AN ASSESSMENT OF CHOKE CHAINS AND PRONG COLLARS
James Turner, MS. MA. MCL, KPA-CTP, CBS, APDT, AVSABP, IAADP
I am often asked about Choke (or slip) collars and Prong Collars. Often, I have someone call me as a Behaviorist to help them with their dog’s unwanted behaviors. Ouse with Fido?” ne of my initial questions is, “What is your dog’s name?” “What kind of collar do you
Often the client will tell me, “A slip collar.” I need you to know I do not work with choke chains or prong collars. I collect them.” “Really! Why not?” So, I have put some of my thoughts and scientific reasons I will not work with these medieval devices of punishment and torture.
Tongue-in-cheek I will tell the husband or wife, “Put a choker or prong collar on your mate for one week and jerk on it when you need hm or her to listen or respond, and if your relationship becomes stronger then I will allow it to be used on your dog.” They usually get the point.
I know Choke and prong collars are still popular with many dog owners and ill-informed dog trainers, as well as pet supply stores. They are generally made of metal chain material which tightens around a dog’s neck when the handler pulls or jerks back on the leash. Aversive trainers will often use choke and prong collars to perform ‘corrections’, essentially causing the dog pain any time he pulls on the leash or misbehaves.
While this type of training may stop the pulling or suppress a certain behavior at that particular moment, it does nothing to address the root of the dog’s issue. Leash corrections that are given on these collars exacerbate behavioral issues such as fear and aggression.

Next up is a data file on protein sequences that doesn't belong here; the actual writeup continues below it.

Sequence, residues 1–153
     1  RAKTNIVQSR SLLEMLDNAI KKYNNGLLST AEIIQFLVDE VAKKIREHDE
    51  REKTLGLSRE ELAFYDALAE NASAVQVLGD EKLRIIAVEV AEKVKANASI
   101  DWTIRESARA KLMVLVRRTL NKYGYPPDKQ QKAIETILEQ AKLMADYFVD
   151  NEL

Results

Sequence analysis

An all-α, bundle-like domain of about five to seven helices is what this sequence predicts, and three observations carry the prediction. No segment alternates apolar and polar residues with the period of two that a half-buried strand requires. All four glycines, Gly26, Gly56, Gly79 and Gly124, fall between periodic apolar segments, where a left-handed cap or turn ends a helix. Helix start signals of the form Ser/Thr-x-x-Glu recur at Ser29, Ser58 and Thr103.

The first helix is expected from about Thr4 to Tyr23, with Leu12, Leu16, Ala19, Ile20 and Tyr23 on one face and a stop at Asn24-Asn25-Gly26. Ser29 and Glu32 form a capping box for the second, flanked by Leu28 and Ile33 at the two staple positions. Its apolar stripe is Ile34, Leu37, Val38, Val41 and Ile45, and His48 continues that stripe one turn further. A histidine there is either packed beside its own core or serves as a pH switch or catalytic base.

My bottom Line is that Choke, pinch and prong collars should be avoided in all cases. Although traditional trainers disagree with the science regarding this and they tend to point to their “Results?” I will not take the risk of injuring the dog, creating or exacerbating an aggression issue, or damaging the animal/human bond.
I will try to address this by attempting to answer some of the questions I am asked by my prospective clients as to why I feel these are potentially dangerous and damaging.
Why do you feel choke collars or prong collars are not safe?
Even if used without corrections, choke collars can still cause pain, discomfort, and injury to a dog’s neck, head and spinal cord. Here are a few scientifically established facts to consider.
If you feel your dog’s neck with your hands followed by your own neck, you will see how similar they are.
The trachea, esophagus, thyroid gland, lymph nodes, jugular vein, muscles and spinal column are all located in similar places.
The only difference between a dog and a human neck is that under the fur, a dog’s skin layer is only 3-5 cells thick, while the top layer of human skin is denser, 10-15 cells thick.
What kind of injuries can or do choke collars cause?
Most trainers have not studied the anatomy of the animals they work with. This is why a Certified Animal Behaviorist, or a Veterinary Behavioral Technician should be contacted to make sure one’s beloved animal is getting the best effective and safe treatment, which in fact, may require medication therapy as well as behavioral therapy.
The average dog owner does not realize the thyroid gland lies at the base of the neck just below the larynx close to where any collar sits. Just one yank can cause injury to a gland that controls many of the body’s vital functions.
Studies show that the gland gets severely traumatized whenever a dog pulls on the leash and becomes inflamed.
When this happens, it is ‘destroyed’ by the body’s own immune system which tries to remove the inflamed thyroid cells.
The destruction of these cells leads to hypothyroidism, which causes loss of energy, weight gain, skin problems, hair loss, ear infections and organ failure.
Consider this as well. Choke collars also affect other areas of the body including the eyes.
Another study reveals that when force is applied to the neck via a leash and a choke collar, pressure in the eyes is significantly increased.